A man dressed in white from head to toe was posted outside the Las Vegas Convention Center last week. His outfit included just a few colorful exceptions: four bubbles in red, yellow, blue, and green splashed in the center of his T-shirt, and a fluffy red poof atop his ski cap. Those multicolored spots should look familiar to anyone who’s used Google’s virtual assistant on their smartphone. After all, those dots form the same logo that appears in the Google Assistant app.
That’s because he, like others at CES in the same attire, was dressed as the Google Assistant. The costumed characters were part of Google’s effort to give its digital helper a flashy presence at CES after Amazon’s Alexa stole the spotlight at last year’s show. Google’s efforts paid off, to some extent: This year’s conference was filled with gadgets ranging from TVs to security cameras that worked with the Google Assistant. Plenty of devices played nice with Amazon Alexa, too.
But one virtual assistant was notably absent from CES: Microsoft’s Cortana. Aside from a few new Windows PCs, Cortana was barely present in any products that debuted at the show. If CES was any indication of where the state of the industry lies, the sprint toward building the most useful and versatile virtual home assistant is starting to look like a two-horse race between Amazon and Google. That’s particularly true when it comes to the smart home. Cortana is just getting started in the home, while the Google Assistant and Amazon Alexa already work with a wide range of products from various brands — Google says the Assistant is compatible with more than 1,500 smart home devices, while Amazon’s website turned up more than 600 results when searching for smart home products that work with Alexa.
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But Andrew Shuman, Microsoft’s corporate vice president for Cortana engineering, is confident that the company’s digital helper can still win. And there are certain areas in which Cortana may already have an advantage — namely when it comes to managing email, documents, and other work-related material, long one of Microsoft’s strengths. “We can excel where we have really good assets, like in the Bing knowledge graph and the data we have through [Microsoft] Office,” says Shuman. “Especially when you think about the knowledge we have around your projects and the people you’re working with.”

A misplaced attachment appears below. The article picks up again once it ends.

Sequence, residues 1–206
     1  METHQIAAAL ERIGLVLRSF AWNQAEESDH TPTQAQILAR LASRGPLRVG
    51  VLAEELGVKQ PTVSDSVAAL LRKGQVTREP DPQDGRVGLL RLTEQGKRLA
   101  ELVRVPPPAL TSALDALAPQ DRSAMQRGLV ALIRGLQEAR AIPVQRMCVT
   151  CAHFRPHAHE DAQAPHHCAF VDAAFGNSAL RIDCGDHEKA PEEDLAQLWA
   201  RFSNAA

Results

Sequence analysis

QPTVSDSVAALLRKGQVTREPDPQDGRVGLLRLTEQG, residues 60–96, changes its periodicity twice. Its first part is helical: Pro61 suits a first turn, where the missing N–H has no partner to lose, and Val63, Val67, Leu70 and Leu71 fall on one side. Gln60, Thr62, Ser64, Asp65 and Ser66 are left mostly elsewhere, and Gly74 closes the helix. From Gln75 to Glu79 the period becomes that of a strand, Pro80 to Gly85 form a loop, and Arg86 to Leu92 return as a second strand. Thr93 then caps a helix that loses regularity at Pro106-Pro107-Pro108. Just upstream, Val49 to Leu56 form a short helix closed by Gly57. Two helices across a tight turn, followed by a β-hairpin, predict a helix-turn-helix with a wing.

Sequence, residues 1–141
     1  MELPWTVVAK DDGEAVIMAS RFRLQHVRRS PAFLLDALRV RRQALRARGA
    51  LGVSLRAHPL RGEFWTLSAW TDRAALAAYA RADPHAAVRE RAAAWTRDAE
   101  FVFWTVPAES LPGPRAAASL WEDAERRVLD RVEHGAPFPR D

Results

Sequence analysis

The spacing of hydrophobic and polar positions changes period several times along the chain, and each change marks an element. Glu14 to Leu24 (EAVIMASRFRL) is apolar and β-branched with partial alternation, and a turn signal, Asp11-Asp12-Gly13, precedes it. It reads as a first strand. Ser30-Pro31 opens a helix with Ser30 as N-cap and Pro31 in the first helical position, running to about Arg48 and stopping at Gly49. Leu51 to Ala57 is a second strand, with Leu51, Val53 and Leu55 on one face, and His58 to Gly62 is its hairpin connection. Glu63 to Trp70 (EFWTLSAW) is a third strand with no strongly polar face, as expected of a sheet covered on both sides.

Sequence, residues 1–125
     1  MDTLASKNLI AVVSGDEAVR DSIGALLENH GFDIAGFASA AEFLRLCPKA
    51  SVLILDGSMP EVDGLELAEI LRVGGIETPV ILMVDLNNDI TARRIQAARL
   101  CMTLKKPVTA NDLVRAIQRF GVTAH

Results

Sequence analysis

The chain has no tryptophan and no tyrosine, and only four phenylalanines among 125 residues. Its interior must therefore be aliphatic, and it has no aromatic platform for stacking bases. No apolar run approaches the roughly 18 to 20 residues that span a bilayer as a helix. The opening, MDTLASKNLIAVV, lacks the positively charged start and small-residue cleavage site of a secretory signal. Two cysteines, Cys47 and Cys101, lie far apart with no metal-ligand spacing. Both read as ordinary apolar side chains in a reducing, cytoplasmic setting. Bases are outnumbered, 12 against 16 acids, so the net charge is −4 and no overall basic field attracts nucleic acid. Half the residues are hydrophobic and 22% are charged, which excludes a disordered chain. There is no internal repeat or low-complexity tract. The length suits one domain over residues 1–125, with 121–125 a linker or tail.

One Microsoft product could play an especially pivotal role in Cortana’s evolution: LinkedIn, the professional networking service Microsoft acquired in 2016. Shuman offered a few hypothetical examples to show how Cortana could be a helpful workplace assistant using LinkedIn data. Perhaps you have a meeting set for tomorrow morning with a new client that you haven’t met. Cortana may one day help out by compiling a briefing about that person’s background, drawing data from their profile. Or say you’re looking for an expert in a specific subject to help out with a project — it’s easy to imagine how Cortana could eventually use LinkedIn data to help find people you know that have expertise in that area.
“We don’t do that yet,” says Shuman. “But that’s the area we really want to go deeper with.” Those features would be a natural next step for Cortana, considering the virtual helper already works with LinkedIn to show basic information like a person’s job title and photo alongside his or her name in your emails and calendar appointments.
Of course, Amazon and Google are focusing on their own strengths (in online shopping and search, respectively) when it comes to developing their virtual helpers. But before any digital assistant can become more useful in daily tasks, whether it be sifting through Outlook emails or ordering groceries, they’ll have to get better at understanding users’ intent and general conversational context. Those are challenges facing all companies working on voice-enabled assistants, not just Microsoft. “I can tell a three-year-old how to pronounce my name, but I can’t tell Cortana,” Shuman says. “There are these real barriers that pop up quickly.”
But firms like Microsoft, Google, and Amazon are making progress along these lines. Cortana, the Google Assistant, and Alexa can all be trained to recognize a user’s voice, for instance, helping them understand who’s actually speaking to them. That’s the sort of development that will make digital assistants more helpful, says Shuman. “Finding ways to have more knowledge, more context, and [more] awareness and leveraging that is an enormous puzzle and challenge,” says Shuman. “[It’s] really critical to start thinking about identity as a very important part of [that] puzzle.”
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